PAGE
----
1 , D Most teachers can respond to differences in student learning styles. That is preferable to trying to match students with teachers. After more than a decade of continuing re search, we are convinced that one reason for the variety of theories concerned with how students achieve academically is that each contributes only partial insight into the learning process and that none provides a totally accurate explanation of how individuals gain and retain knowledge. Not only do people of all ages and intel lectual capacities learn in ways that differ dra matically, but certain students achieve only through selected methods methods that fre quently fail to produce academic results for others. This is common knowledge among many experienced, sensitive instructors who neverthe less continue to teach the identical lesson to an entire class at the same time and in the same way, eventually requiring a demonstration of mastery at the same hour. 238 EDUCATIONAL LEADERSHIP By experimenting with innovative strategies intended to help students learn who formerly had not been successful, we found that most methods and/or resources appeared to work with some students but not with others. That insight led to studies of those youngsters who tended to achieve through specific strategies and why. 1 Eventually we recognized that, in many cases, those who were successful with a particular method or set of materials had essentially similar characteristics. 1 Rita S. Dunn and Alonzo H. Shockley, Jr. Better Education Through Community Involvement. New York: Freeport Public Schools, pursuant to a U.S. Office of Health, Education and Welfare grant under the auspices of the New York State Education Department, 1970; That A Child May Reach: Expanded Education in Freeport. New York: Freeport Public Schools, under the auspices of the New York State Education Department, 1971.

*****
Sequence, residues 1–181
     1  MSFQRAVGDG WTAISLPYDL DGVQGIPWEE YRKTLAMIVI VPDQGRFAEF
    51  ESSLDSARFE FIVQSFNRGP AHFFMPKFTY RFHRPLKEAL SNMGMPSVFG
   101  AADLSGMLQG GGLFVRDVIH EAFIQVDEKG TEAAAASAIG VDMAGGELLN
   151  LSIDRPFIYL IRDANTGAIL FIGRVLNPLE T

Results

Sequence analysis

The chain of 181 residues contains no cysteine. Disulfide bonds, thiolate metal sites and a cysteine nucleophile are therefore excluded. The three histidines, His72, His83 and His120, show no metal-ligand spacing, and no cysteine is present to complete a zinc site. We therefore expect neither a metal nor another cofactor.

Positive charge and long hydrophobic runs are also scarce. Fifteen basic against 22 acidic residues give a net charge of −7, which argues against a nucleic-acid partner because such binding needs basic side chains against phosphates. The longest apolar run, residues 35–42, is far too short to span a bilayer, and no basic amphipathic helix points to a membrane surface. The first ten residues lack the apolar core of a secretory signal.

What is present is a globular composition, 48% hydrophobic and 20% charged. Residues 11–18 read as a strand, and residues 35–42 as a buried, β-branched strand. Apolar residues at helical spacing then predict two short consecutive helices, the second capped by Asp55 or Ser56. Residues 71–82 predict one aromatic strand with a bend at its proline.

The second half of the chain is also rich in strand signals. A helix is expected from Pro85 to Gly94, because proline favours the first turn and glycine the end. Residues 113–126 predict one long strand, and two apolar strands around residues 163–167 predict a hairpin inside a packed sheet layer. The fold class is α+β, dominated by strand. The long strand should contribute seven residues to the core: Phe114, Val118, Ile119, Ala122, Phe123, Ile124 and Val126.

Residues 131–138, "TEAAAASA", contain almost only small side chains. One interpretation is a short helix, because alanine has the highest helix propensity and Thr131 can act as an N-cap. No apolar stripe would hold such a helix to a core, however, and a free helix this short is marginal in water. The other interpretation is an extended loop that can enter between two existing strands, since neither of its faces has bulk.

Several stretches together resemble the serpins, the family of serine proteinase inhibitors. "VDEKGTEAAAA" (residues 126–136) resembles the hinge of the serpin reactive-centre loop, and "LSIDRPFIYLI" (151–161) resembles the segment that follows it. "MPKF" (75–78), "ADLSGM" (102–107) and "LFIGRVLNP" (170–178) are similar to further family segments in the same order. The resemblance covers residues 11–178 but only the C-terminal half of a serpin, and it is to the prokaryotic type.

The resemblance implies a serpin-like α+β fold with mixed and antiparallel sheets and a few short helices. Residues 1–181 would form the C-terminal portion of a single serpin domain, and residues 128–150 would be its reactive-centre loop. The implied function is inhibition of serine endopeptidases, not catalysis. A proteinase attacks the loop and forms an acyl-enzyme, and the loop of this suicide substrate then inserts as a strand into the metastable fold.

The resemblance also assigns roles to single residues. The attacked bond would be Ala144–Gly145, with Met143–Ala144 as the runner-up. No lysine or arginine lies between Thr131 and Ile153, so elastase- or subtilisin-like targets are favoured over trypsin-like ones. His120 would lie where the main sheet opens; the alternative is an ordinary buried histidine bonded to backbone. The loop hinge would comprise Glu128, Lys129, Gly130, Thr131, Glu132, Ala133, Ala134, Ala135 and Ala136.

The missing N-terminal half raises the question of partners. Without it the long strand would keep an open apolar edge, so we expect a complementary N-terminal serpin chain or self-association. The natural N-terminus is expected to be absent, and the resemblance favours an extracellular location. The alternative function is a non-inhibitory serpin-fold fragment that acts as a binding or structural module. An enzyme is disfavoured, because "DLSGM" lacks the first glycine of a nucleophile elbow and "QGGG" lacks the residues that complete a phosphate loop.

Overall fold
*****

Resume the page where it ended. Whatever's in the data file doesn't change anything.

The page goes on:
2 Repeatedly our data revealed that, when taught through methods that complemented their learning characteristics, students at all levels be came increasingly motivated and achieved better academically. Although authors use different terms to describe student traits, they tend to agree on the basic elements that constitute one's "learn ing style." Based on observations, interviews, and ex perimental studies conducted since 1967, it has become apparent that regardless of their age, ability, socioeconomic status, or achievement level, individuals respond uniquely to their im mediate environment. Some require absolute si lence when they are concentrating, while others can "block out" sound. In addition, there is a segment of the population who actually require sound when they are trying to learn; they invar iably turn on the radio or phonograph whenever they are attempting to absorb information they wish to retain. People also respond differently to tempera ture; some require a cool environment to concen trate while others are more productive when they feel comfortably warm. We know, however, that heat and cold are relative, and that individuals describe temperature in terms of their personal reactions to it. Learners also respond differently to the amount of light available; some "think better" in softly lit areas whereas others become sleepy un less the illumination is bright, and thus stimu lating. However, what is "dull" for some is "bright" for others, and certain students respond to excessive light by becoming hyperactive. Finally, despite the traditional versus the open classroom controversy, we also know that some youngsters achieve better in an informal physical environment (carpeting, lounge chairs, couch, or bed) whereas others learn more easily in a formal setting (desks, library tables, "hard" chairs). We lack sufficient research data to add two additional elements that may affect how students' environments affect their ability to learn, but studies are being conducted to determine if weather or, perhaps, barometric pressure and color (which may be related to light) should be included as environmental elements of learning style. eed f Most teachers will say that youngsters who are not motivated, persistent, or responsible should be taught differently from those who are. Despite that, however, observations verify that teachers do try to teach both groups in exactly the same way. Motivated, persistent, responsible people need to be told what they are required to learn (their "objectives" or tasks), what they may use as resources, how they may demonstrate their acquired knowledge or skill, and where to get help if it is needed. They welcome praise and feedback when the assignment has been com pleted. The unmotivated those who are not per sistent and/or the less responsible students re quire short assignments or very few objectives, frequent feedback, a great deal of supervision, and authentic praise as they are working, Structure is a vital element of learning style. Youngsters who require specific directions, se quential tasks, frequent feedback, and continuing support usually achieve well using programmed learning if they are highly visual or visualtactual and able to work alone. If they are tactualkinesthetic and also peer-oriented, programmed material may not hold their attention. If they need structure, are tactual-kinesthetic (but not highly auditory or visual), and find learning diffi cult, they may do better with multisensory in structional packages. Students who tend to be creative, self-struc tured, or responsive to making choices, appear to perform best with Contract Activity Packages although teachers experienced in the effective use of CAPS can decrease the amount of flexibility and the number of options provided, thus making contracts suitable for youngsters who require im posed structure. 2 Rita Dunn and Kenneth Dunn. Teaching Students Through Their Individual Learning Styles: A Practical Approach. Reston, Virginia: Reston Publishing Company, division of Prentice-Hall, Inc., pp JANUARY